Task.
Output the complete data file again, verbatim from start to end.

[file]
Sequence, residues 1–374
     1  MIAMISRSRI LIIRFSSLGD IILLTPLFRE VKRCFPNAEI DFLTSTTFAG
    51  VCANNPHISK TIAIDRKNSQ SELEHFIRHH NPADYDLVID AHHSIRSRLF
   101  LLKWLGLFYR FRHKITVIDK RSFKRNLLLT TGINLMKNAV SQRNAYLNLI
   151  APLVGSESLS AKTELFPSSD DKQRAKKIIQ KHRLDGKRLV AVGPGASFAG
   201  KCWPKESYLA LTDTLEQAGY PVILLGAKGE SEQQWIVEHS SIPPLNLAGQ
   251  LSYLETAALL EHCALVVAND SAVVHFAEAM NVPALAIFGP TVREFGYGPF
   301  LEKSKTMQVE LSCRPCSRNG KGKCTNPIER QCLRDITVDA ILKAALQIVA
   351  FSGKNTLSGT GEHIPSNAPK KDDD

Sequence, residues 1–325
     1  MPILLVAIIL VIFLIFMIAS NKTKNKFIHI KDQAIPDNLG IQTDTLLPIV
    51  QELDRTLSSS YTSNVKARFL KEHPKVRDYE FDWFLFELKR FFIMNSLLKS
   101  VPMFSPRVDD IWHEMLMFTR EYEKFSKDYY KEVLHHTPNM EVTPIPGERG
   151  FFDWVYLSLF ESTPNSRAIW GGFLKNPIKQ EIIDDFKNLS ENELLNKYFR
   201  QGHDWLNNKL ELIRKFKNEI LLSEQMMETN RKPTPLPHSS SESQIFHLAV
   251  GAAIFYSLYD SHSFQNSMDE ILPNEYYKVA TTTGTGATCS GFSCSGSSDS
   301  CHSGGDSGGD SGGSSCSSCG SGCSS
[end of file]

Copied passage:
Sequence, residues 1–374
     1  MIAMISRSRI LIIRFSSLGD IILLTPLFRE VKRCFPNAEI DFLTSTTFAG
    51  VCANNPHISK TIAIDRKNSQ SELEHFIRHH NPADYDLVID AHHSIRSRLF
   101  LLKWLGLFYR FRHKITVIDK RSFKRNLLLT TGINLMKNAV SQRNAYLNLI
   151  APLVGSESLS AKTELFPSSD DKQRAKKIIQ KHRLDGKRLV AVGPGASFAG
   201  KCWPKESYLA LTDTLEQAGY PVILLGAKGE SEQQWIVEHS SIPPLNLAGQ
   251  LSYLETAALL EHCALVVAND SAVVHFAEAM NVPALAIFGP TVREFGYGPF
   301  LEKSKTMQVE LSCRPCSRNG KGKCTNPIER QCLRDITVDA ILKAALQIVA
   351  FSGKNTLSGT GEHIPSNAPK KDDD

Sequence, residues 1–325
     1  MPILLVAIIL VIFLIFMIAS NKTKNKFIHI KDQAIPDNLG IQTDTLLPIV
    51  QELDRTLSSS YTSNVKARFL KEHPKVRDYE FDWFLFELKR FFIMNSLLKS
   101  VPMFSPRVDD IWHEMLMFTR EYEKFSKDYY KEVLHHTPNM EVTPIPGERG
   151  FFDWVYLSLF ESTPNSRAIW GGFLKNPIKQ EIIDDFKNLS ENELLNKYFR
   201  QGHDWLNNKL ELIRKFKNEI LLSEQMMETN RKPTPLPHSS SESQIFHLAV
   251  GAAIFYSLYD SHSFQNSMDE ILPNEYYKVA TTTGTGATCS GFSCSGSSDS
   301  CHSGGDSGGD SGGSSCSSCG SGCSS